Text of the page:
5. Adult art is permitted, but nothing ‘hardcore’. Consider your limit to be that of ‘burlesque’.
  6. Contact for further clarifications and entires is grim AT postmort DOT demon DOT co DOT uk.

#Art #RPG – FREE MONEY FOR ARTISTS! The Darkzel Art Scholarship

Watch this:



Then apply, help, donate, do something to aid this project!

Professional GMing? Is it feasible

It’s a perennial question isn’t it really? Roleplaying is cool, could I make it my job as well as my hobby? Essentially that’s what we writers and game designers are doing, after a fashion, and it’s not that easy at all.

MMOs have professional paid GMs, but that’s not really like being a tabletop GM. It’s more like tech-support and forum administration, only with less sociable hours and even less money.

Let’s assume you’d want to make minimum wage with your professional GMing services. In the UK the minimum wage is £6.08 per hour, let’s call it £6.00 for ease of mathematics. You want to match a 9-5, 5 day a week job. 35 hours a week, four weeks a month. That’s about £840 a month. Let’s call it £850.

You might get away with £10 per person, per month for a subscription service – broadly compared to MMO subs, which means you’d need a client-base of 85 people. That’s the equivalent of 15 or so six-player gaming groups (that’s about the size of a normal convention group).

Thing is, you’d likely be working weekends as that’s when most people would play and running yourself ragged you might be able to host three games a day, Saturday and Sunday.That’s 24 potential slots per month on a first-come first served basis, but you’d likely burn out pretty fast at that pace.

You could supplement that with GMing ‘services’.

EG: “I need adventure notes for a level 3 D&D group”, or “Run me off a dozen NPC orcs…” or “I need a villain for my campaign.”

Anything you do make up could also go into a ‘secure’ wiki or something, adding value people could raid all the time as and when they wanted (so long as they kept up their subs).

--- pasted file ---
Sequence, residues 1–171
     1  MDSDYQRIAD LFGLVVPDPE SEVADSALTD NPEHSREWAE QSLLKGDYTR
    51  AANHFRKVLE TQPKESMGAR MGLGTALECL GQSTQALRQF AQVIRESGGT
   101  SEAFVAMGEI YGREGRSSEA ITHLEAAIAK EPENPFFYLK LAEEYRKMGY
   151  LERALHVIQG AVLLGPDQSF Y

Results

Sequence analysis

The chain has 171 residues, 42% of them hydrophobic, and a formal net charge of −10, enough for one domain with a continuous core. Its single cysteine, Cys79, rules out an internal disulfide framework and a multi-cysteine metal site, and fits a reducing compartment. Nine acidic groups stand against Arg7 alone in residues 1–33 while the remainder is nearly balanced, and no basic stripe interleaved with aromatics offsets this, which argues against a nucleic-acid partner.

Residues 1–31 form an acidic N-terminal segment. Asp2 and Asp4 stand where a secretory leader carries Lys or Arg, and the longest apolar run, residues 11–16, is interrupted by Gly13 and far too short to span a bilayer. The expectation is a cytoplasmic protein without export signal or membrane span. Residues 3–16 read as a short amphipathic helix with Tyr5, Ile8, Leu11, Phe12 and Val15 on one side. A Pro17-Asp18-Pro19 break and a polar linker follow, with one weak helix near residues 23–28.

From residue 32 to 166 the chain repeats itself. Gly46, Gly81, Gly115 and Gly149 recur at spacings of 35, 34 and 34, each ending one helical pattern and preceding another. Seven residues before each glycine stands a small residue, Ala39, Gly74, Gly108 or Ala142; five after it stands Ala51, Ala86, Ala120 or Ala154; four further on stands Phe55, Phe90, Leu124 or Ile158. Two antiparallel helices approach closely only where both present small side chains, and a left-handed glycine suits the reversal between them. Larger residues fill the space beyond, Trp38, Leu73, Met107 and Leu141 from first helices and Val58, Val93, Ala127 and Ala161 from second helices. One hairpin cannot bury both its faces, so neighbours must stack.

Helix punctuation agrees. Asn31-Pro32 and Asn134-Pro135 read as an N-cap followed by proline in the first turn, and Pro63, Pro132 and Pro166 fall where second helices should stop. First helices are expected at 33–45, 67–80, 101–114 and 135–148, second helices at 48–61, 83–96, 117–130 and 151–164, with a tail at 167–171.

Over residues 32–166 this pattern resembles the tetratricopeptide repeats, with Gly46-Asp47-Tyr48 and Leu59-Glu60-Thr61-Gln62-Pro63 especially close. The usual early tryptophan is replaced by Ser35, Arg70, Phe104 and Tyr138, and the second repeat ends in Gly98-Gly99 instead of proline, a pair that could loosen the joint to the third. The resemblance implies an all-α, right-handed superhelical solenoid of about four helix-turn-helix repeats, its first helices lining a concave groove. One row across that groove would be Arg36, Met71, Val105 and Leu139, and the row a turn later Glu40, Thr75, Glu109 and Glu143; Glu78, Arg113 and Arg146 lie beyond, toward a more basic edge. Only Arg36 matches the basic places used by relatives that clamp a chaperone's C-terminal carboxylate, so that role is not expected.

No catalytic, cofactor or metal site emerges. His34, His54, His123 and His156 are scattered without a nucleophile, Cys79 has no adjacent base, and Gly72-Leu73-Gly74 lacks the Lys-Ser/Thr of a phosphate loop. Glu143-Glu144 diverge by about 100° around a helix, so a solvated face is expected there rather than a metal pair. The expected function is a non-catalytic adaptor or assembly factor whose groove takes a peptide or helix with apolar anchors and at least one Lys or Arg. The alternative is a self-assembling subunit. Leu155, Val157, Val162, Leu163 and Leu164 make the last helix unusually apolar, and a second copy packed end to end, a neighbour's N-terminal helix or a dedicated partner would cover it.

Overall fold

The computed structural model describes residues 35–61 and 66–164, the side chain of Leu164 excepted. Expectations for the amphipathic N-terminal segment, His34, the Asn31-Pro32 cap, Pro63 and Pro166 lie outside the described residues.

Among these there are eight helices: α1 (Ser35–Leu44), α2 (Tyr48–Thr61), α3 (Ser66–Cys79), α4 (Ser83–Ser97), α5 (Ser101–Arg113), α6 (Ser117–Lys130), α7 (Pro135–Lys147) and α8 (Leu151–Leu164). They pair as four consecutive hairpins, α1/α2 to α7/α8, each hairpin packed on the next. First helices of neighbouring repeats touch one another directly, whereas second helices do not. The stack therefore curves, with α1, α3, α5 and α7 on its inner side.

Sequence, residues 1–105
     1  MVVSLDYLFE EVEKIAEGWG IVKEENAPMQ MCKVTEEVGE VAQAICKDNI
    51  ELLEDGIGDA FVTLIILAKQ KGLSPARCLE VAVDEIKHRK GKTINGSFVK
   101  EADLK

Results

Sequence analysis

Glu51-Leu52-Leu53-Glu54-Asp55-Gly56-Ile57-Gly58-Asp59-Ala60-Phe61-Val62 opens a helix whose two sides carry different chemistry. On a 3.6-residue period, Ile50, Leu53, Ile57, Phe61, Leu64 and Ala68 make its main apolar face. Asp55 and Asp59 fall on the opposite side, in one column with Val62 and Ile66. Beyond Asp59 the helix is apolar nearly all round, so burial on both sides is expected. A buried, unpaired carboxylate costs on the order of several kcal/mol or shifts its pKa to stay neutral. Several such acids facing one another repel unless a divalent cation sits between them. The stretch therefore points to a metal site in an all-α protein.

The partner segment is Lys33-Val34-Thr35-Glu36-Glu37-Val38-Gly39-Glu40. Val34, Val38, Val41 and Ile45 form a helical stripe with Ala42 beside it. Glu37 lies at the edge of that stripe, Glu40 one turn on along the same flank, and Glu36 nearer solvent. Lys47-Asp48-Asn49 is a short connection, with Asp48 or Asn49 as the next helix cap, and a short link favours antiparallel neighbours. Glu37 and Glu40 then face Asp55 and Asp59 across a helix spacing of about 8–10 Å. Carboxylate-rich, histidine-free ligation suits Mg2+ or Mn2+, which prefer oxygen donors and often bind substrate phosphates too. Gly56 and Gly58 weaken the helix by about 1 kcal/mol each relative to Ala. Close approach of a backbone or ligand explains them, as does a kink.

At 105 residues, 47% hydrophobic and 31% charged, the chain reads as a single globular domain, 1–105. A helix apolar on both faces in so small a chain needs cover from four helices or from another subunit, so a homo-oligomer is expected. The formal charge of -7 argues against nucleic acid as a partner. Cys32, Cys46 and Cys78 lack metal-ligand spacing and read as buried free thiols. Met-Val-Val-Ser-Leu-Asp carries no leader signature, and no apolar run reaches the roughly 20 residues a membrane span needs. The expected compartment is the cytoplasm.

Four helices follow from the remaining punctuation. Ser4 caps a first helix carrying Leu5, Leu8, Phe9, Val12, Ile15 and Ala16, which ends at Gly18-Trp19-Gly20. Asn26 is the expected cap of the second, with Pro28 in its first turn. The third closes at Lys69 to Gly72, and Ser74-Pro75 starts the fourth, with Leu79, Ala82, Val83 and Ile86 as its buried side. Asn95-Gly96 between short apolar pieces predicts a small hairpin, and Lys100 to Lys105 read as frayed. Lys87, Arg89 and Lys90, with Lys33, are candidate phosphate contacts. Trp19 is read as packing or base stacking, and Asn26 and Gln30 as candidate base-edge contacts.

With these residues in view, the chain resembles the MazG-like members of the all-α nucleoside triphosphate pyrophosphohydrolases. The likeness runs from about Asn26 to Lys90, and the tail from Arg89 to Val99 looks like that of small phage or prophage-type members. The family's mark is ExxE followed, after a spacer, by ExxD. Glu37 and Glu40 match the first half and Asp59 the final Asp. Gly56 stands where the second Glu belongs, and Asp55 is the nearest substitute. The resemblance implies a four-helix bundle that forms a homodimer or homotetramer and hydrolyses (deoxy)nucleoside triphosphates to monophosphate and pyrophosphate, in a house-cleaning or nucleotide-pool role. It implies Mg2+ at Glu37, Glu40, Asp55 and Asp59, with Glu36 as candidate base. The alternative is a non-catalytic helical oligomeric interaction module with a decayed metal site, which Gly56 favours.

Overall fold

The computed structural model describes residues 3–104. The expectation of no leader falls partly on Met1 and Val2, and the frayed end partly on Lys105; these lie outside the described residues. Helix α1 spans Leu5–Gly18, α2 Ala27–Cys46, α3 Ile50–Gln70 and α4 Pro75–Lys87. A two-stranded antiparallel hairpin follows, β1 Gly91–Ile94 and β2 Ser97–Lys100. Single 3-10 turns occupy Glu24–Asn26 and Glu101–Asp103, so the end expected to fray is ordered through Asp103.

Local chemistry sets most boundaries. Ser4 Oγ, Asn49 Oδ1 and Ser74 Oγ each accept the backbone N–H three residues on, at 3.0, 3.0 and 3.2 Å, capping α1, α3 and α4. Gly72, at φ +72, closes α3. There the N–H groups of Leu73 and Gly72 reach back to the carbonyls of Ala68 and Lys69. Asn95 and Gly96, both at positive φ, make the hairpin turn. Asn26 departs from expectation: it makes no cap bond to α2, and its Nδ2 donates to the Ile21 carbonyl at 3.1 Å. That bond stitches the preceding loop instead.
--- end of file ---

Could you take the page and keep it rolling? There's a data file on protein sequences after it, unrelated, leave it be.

For a lot of games – now we’re in an open-source age – you would also have the basis for supplementary products that wouldn’t take that much effort to turn into a saleable PDF and would also provide incentive for you to do the best possible job when putting it together at the start.

I think this is… just barely… feasible as an idea. If you could combine those ideas, but there are definitely some non-trivial problems:

1. Taking it to a professional level isn’t free. Sure you could do all of this – running games over Skype or Google Hangouts, hosting documents in the cloud etc, using a free wiki host, but it’s not going to look very professional. You’re going to need some sort of storefront, way of tracking subs, access etc.

2. Paperwork is going to eat into your time to do the bit you want.

3. Creativity cannot be turned on and off like a tap. Being creative full time is exhausting and you’re only as good as the last thing you’ve done.

4. What if you get sick? Can’t hold up your end of the bargain? You need a way to refund people.

5. You need a way to make sure your customers have equal access to you, fair access to you and are getting their money’s worth.

6. You need to have a rep. To be a rockstar GM, in order to attract people willing to shell out.

7. Some companies might by huge arseholes about you making money from running sessions of their games or charging for content for their games. Even though RPG magazines used to do his all the time.

This is all assuming that you’d be doing things on an individual basis. A company could match GMs and people wanting to play together and pay GMs on a game by game basis but that would be even more complex, a sort of Infrno-plus.